Paying More for Small Extras
A new survey of 1,001 fliers suggests that many would pay a little extra for additional perks, such as extra frequent-flier miles, more overhead bin space and the ability to sit in a child-free section of the plane.
The report found that 31 percent of respondents said they were willing to pay more for guaranteed overhead storage, and 40 percent would pay extra to choose the type of movie played on their seatback movie screen.
Also, respondents said they would be willing to pay extra for an airline ticket if it allowed them to fly with an additional carry-on bag, or secured them unlimited alcohol or extra frequent-flier miles.
The survey, released Friday, was sponsored by Leflein Associates and Amadeus, a travel company that provides distribution technology to airlines and travel agencies. In the online survey conducted in November, Amadeus tried to get a better understanding of the nation's frequent fliers, how they purchase their tickets and what they are willing to pay extra for. The report coincidentally comes at a time when some airlines have begun charging for various amenities, such as meals, soda, pillows and blankets.
Chris Brown, Amadeus's vice president of business development, said the survey's most surprising finding was that airline passengers are more interested in the types of perks they could buy rather than how cheap an airline ticket is. For example, Brown found that travelers are more likely to book a flight on an airline Web site if they are rewarded with extra frequent-flier miles, the ability to pick their own seat and electronic check-in.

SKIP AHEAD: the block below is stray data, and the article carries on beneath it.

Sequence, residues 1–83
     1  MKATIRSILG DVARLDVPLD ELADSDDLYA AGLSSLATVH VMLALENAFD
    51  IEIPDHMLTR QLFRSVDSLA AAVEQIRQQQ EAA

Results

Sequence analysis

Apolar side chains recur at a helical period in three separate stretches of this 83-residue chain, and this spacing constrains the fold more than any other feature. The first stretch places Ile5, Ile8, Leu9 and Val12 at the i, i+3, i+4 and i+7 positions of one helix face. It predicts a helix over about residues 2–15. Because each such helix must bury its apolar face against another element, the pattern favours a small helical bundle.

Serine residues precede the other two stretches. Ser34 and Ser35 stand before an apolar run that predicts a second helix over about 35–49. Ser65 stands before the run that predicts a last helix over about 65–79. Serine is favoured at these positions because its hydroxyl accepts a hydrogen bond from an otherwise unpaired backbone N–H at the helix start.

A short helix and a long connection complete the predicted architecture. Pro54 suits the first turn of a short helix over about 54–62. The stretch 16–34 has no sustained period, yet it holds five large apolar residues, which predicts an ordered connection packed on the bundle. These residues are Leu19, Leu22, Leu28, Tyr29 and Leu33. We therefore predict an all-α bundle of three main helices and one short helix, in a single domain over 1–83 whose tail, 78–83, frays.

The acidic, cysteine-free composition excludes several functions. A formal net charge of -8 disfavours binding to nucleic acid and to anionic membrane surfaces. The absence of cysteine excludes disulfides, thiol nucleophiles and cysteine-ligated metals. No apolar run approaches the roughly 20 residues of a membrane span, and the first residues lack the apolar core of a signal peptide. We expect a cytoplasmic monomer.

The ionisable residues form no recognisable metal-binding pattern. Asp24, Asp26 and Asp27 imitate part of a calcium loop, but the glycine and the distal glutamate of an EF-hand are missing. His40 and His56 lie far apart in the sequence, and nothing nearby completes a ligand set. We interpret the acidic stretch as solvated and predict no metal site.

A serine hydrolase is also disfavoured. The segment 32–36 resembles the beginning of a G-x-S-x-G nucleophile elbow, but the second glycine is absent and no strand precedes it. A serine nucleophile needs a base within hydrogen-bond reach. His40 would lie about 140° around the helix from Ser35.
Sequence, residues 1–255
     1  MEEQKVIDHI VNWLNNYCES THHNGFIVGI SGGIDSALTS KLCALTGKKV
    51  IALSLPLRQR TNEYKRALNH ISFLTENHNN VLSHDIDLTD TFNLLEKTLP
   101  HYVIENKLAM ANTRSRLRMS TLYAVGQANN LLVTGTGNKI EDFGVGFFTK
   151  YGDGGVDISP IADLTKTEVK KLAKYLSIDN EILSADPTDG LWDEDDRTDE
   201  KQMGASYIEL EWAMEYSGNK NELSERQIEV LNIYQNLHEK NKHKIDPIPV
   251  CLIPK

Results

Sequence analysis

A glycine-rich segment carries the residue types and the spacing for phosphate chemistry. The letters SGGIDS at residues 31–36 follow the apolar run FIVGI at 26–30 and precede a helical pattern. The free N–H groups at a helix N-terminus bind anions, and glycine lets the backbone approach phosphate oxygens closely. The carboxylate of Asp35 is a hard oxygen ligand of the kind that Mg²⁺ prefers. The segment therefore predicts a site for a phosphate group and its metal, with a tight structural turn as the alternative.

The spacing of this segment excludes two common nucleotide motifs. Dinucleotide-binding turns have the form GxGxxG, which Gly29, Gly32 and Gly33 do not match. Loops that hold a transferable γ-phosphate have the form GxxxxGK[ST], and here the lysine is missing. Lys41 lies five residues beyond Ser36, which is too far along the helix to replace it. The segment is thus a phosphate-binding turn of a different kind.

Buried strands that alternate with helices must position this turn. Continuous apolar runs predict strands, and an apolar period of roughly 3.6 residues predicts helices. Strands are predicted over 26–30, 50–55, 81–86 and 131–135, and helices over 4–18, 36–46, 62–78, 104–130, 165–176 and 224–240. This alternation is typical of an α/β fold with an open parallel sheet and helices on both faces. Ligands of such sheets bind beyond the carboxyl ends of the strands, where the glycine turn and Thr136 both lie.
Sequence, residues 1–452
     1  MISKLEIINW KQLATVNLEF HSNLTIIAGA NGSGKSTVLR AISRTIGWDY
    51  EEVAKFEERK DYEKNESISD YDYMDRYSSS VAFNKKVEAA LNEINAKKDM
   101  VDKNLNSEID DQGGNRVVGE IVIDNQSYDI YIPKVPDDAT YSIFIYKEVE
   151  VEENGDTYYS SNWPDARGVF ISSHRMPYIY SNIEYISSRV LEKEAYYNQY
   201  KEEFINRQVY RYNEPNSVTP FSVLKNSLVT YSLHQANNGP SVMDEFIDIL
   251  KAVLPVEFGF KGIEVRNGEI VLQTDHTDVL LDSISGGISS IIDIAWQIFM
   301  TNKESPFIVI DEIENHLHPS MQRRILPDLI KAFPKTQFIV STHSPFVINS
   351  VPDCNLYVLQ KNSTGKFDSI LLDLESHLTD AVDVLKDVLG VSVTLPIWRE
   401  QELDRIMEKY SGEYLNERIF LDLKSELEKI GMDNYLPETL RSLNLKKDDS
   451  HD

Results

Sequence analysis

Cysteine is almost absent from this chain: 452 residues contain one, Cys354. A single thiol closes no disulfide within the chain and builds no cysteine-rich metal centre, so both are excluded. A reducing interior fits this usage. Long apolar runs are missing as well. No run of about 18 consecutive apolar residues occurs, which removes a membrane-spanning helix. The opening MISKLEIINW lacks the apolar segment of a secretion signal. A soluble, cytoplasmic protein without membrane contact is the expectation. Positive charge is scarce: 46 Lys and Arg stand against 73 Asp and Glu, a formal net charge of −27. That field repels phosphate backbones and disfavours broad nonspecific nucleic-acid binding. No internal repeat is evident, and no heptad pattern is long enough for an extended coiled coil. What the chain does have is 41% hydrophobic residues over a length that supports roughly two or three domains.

"Consumers are looking for as much choice as possible. It's not about the lowest price anymore," Brown said.
But some Biz Class readers disputed the findings, saying they wouldn't pay for anything extra. Most travelers say they already get extra frequent-flier miles and upgrades from their preferred airline, so paying extra for such added luxuries makes little sense. Greg Miller, a Laurel-based IBM software salesman, said he wouldn't pay extra to pick his own in-flight movie because he carries his own collection of DVDs to watch on his laptop.
Michael N. Gray, a Goleta, Calif.-based business development manager, said paying extra for anything is "ridiculous."
"The airlines have stripped all comfort accommodations to a point that it is a bus with wings; an old bus at that," Gray said.
Reagan National's 30-Minute Rule: In recent months, several Biz Class readers have written to me after flights into Washington's Reagan National Airport, saying the pilot enforced a "30-minute rule," requiring passengers to take their seats for the last half-hour of the flight.
Many of the passengers were left confused and surprised because the government lifted the security rule last July.
Well, it seems as if there still are some airline pilots who have not gotten the memo. Last Thursday, on American Eagle Flight 4121 from Chicago O'Hare International, the captain told the passengers -- including me -- that they were not allowed to leave their seats for any reason once the aircraft was within 30 minutes of landing at Reagan National.